Just weeks after Gov. Pat McCrory signed the law to allow shale gas exploration in North Carolina, the state is spending taxpayer money to jump-start the industry, including a half-million dollars for drilling test wells near Sanford and another million for the energy sector.
This spending raises some important economic questions for the state: Will there be a boom? How long will it be until state coffers bulge with royalties? Could taxpayers actually lose money?
The recent experiences of Argentina and Poland show what could happen here. Argentina looks like it will be a shale oil and gas success. It already has more than 150 unconventional wells producing hydrocarbons. To get this far, the state-owned oil and gas company YPF has invested more than $1 billion. Only now is it starting to break even after several years. Argentina has extensive oil and gas experience and a huge shale resource that is mostly near existing oil and gas pipelines and infrastructure. Even so, it has taken big money to make it work there.
Poland looks like a bust. A few years ago, it was set to be the first European country to harvest shale gas its reserves estimated at 190 trillion cubic feet, a hundred times bigger than North Carolinas. Sixty wells later, Polands boom is ending before it began.
What went wrong? For starters, Poland had less gas in the ground than first thought, and it was harder to extract than people expected. Money turned out to be the ultimate constraint. Poland, like North Carolina, lacked the infrastructure to get the gas and oil to market. Moreover, wells cost as much as $15 million to drill in a new area. Theyre always expensive, but theyre really expensive as drillers work out the kinks in equipment and local geology.
Companies also have to drill a lot of shale gas wells to make money because most wells dont pay out. The shale gas business is similar to Las Vegas, where the casinos know if enough people gamble theyll make money because the odds are in their favor. Companies work to set the best odds possible in terms of rules and incentives and then drill a lot of wells knowing that most of them will lose money. Theyre banking on the quarter or third that strike it rich. Its an economy of scale.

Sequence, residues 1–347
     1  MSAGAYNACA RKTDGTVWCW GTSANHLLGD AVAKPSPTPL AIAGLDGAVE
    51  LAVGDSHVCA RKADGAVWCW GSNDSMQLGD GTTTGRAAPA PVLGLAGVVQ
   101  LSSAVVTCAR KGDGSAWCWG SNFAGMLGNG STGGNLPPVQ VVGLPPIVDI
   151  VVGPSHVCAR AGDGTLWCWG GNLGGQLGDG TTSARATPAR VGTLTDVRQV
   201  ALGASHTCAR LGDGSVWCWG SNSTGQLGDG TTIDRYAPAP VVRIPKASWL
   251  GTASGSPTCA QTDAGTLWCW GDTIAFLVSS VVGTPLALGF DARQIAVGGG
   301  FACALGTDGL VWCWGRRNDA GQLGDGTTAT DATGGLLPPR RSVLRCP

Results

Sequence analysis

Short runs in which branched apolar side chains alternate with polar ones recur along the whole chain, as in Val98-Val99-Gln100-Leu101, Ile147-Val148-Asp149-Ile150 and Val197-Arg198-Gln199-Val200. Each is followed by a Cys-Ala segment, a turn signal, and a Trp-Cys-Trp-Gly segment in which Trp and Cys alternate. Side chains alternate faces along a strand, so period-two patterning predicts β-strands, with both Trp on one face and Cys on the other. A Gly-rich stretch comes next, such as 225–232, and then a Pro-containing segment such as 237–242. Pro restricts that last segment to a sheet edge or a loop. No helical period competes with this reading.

In North Carolina, we dont have an economy of scale. Its true that were still learning about our resource here. We dont know exactly how thick the shale deposits are. We dont know whether well have 2 percent organic carbon content or 10 percent, or how much propane, butane and even oil well have.
We do know one thing for certain: The total area of shales in our state is tiny compared with other areas in the U.S. and other countries in the world. Nothing is going to change that fact. Its also the reason big companies arent paying attention to North Carolina.
In recent months, Ive sat in meeting after meeting with oil and gas executives, scientists from the U.S. Geological Survey and others. When North Carolinas energy potential comes up, there mostly are shaking heads and bemused smiles. Major drillers of oil and gas wont be coming to North Carolina anytime soon.
If they dont come, who will? The smaller wildcatters and mom-and-pop drillers, thats who. Major companies stick around 10, 25 or 50 years and have a financial incentive to follow environmental safeguards and stewardship. Small companies often dont. They come and go, and if theyre out of business when liability arises or when things need to be cleaned up, thats too bad for the taxpayers left holding the bill.
Which brings us to how much taxpayers will be asked to pay to bring drilling here. That depends on what additional incentives the state will provide on top of the millions were already spending.
If the major oil and gas companies are betting against North Carolina, we should be paying attention. And we should be watching the state budget closely to minimize what taxpayers shell out. If we dont, were going to get our pockets picked.
Rob Jackson is an earth sciences professor at Stanford University and long-time Duke faculty member.